British man claims new record for running a marathon in every nation on earth in 22 months

The ultra runner was inspired to take on the ambitious challenge after becoming friends with a man diagnosed with terminal prostate cancer

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A British endurance athlete has set a new world record after running 196 marathons in every nation on earth in just 22 months.

Ultra runner Nick Butter, 30, quit his banking job and embarked on his solo expedition in January 2018 after being inspired by a friend with terminal cancer.

He has since covered 5,130 miles in organised events across seven continents, overcoming the extreme heat of the Sahara Desert and bitter cold of Antarctica.

Nick has averaged three marathons in three new countries every week for the last 96 weeks - burning an estimated 1.5 million calories in 5.1 million steps.

During the 675-day adventure he has been hit by a car, bitten by a dog, broken his elbow and even been shot at.

Today he completed the final event - the Authentic Marathon in Athens, Greece - making him the first man in history to complete the feat of running a marathon in every nation.

He hopes to raise a total of £250,000 for Prostate Cancer UK.

Nick, of Dorset, said: "It's been the most incredible experience, I've seen things you wouldn't even imagine as I've run across the world.

"It took two years to plan which was really daunting, sorting out all the logistics and organising the flights and everything.

"Over the past 18 months, I've been through 10 passports and something like 120 Visas, I've lived in airports and hotel rooms, it's just been a total whirlwind.

"It's been such an eyeopening adventure.

"I thought the sights would be the best part of this experience but it's actually been the people - I've got around 2,000 new contacts in my phone from people I've met across the world.

"Sure, the views I've seen have been breathtaking - but it's the little kids running next to me wanting to hold my hand in some country I've never heard of before in Africa that has been the most amazing bit for me.

"It's gone so fast, yet at the same time feels like I've been doing it forever, it's a weird reality and I can't believe I'm at the finish line."

Nick has always been a keen runner, taking part in marathons across the globe, but his world changed in 2016 when he met fellow runner Kevin Webber during the Marathon Des Sables in Morocco.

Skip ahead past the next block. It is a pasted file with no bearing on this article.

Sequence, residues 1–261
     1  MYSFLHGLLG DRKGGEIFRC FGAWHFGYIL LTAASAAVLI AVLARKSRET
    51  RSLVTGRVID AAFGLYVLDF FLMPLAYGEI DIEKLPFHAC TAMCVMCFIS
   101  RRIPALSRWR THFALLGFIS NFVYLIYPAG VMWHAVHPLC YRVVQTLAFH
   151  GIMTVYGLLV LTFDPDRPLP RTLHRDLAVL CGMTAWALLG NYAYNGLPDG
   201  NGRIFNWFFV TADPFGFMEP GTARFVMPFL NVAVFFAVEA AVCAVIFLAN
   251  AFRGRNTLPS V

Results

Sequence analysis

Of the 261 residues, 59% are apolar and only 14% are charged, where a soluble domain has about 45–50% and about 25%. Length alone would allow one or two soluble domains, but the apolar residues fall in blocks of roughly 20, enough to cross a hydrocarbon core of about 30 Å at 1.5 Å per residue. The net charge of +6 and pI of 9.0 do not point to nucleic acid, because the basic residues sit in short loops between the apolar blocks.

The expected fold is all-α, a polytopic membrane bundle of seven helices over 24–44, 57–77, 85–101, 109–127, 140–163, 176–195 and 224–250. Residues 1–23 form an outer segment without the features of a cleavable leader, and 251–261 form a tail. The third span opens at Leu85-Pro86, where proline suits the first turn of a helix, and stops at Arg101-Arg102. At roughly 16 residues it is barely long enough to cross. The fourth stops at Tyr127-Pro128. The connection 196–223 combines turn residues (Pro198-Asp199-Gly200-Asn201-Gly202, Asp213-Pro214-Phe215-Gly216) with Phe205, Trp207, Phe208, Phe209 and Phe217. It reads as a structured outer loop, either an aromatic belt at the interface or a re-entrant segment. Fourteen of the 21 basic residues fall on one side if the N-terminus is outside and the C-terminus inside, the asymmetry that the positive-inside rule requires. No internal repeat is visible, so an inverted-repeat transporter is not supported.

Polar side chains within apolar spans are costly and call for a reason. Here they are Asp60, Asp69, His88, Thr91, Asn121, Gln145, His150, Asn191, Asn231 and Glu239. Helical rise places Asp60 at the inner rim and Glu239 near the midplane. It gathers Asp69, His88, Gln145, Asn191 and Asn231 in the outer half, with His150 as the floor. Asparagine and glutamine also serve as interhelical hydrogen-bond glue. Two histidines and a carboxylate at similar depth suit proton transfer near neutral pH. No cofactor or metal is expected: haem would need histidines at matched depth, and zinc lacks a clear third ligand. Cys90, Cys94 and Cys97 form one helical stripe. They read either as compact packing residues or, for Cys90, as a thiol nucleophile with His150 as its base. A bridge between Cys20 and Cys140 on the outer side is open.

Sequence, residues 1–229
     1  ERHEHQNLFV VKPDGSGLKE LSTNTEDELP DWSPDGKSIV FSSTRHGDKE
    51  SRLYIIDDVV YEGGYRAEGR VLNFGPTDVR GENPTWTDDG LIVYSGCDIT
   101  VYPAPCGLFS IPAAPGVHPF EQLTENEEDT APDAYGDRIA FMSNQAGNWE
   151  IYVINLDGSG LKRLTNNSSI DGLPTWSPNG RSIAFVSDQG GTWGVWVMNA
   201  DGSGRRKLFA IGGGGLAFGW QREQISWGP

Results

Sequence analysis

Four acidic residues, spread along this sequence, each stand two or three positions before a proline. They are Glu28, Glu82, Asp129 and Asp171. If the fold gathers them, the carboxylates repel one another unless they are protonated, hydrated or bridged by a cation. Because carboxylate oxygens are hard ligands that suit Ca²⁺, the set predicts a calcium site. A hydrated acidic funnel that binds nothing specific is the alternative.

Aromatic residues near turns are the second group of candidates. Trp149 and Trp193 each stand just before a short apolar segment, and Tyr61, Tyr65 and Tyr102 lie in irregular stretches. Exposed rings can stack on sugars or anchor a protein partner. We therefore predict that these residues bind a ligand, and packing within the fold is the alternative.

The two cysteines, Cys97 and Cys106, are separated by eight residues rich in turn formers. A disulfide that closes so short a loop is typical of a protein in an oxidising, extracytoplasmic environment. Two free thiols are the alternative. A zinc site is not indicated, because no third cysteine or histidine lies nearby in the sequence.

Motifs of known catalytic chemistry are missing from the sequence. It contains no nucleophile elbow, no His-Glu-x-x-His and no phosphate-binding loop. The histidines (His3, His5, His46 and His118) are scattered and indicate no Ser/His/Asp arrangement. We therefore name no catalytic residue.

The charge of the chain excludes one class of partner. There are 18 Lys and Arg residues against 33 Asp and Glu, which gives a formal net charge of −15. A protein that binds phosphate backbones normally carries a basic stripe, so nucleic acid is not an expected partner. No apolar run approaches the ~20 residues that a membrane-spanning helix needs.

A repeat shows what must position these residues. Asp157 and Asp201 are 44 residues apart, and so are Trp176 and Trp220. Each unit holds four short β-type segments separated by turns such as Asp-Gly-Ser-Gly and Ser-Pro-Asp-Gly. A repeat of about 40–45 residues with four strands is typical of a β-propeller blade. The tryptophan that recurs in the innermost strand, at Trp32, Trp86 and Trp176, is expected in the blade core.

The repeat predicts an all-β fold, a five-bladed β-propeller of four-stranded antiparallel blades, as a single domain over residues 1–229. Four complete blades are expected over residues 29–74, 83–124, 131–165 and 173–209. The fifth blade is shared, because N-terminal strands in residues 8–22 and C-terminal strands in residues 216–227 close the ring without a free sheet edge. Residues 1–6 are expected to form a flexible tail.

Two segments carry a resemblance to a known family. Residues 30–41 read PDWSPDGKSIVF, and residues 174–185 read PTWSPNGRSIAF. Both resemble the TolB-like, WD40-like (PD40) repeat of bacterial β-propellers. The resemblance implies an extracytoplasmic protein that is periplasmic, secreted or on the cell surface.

He was immediately drawn towards Kevin's positive attitude and bubbly personality, but as he got to know him over the gruelling five-day event, Kevin dropped the bombshell that he had terminal cancer.

After being diagnosed with prostate cancer in 2014 and told he had two years to live, Kevin had set off running marathons across the world to raise money for Prostate Cancer UK.

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Nick said: "I couldn't believe that this guy, who always seemed so happy and full of life, had just told me he had terminal cancer.

"I was shocked, and when Kevin told me 'Don't wait for the diagnosis' it really struck a chord with me and I just knew I had to do something to raise money for the charity.

"Kevin changed my life that day and in the months that followed, I quit my job at the bank and swapped my suit for running shorts forever.

"People wait so long to live their dreams tomorrow, but tomorrow might not come, and Kevin's words motivated me to get out there, see the world and do what I'm really passionate about whilst raising money for charity.

"I took my camera along on my journey as I'm a keen photographer as well, and I've got photos and souvenirs from across the globe - it's been incredible."

Nick raised an initial £46,000 in donations to cover his costs and started his adventure running in -25 degrees Celsius in snowy Toronto, Canada in January 2018.

During his travels he carried everything he needed to survive, camping wild or bedding down with supporters.

He took 201 flights covering 13,500 miles between countries, along with 45 train journeys, 15 buses and 280 taxis.

Since setting off he has raised a further £63,000 for Prostate Cancer UK on his Just Giving page as well as about £20,000 in external donations.

With two books planned to be released in 2020 and a 1,000 day running expedition in the pipeline for 2021, Nick has set himself up for a busy return to his home in Dorset.

Set to run the circumference of Iceland in July 2020, he's not hanging up his running shoes just yet and is embarking on a speaking tour to inspire others to follow their dreams.

Nick said: "I'm looking forward to going out to schools and sharing my experience with others to hopefully inspire them to pursue what their passionate about.

"I've learnt so much about other countries and cultures throughout my journey, and the idea of teaching kids about things like a Nepalese prayer wheel is just amazing to me.

"The average human lives for 29,747 days, and if you're British, you spend about 9 years watching television, so it's interesting to get people thinking about how much time you waste not doing something you're truly passionate about.

"You don't know when you're time is going to run out, so get out there and chase your dreams today - as Kevin said, don't wait for the diagnosis."

Nick is continuing to raise money for Prostate Cancer UK and has a Just Giving page set up to help him reach his £250,000 target.

Just Giving - https://www.justgiving.com/fundraising/runningtheworld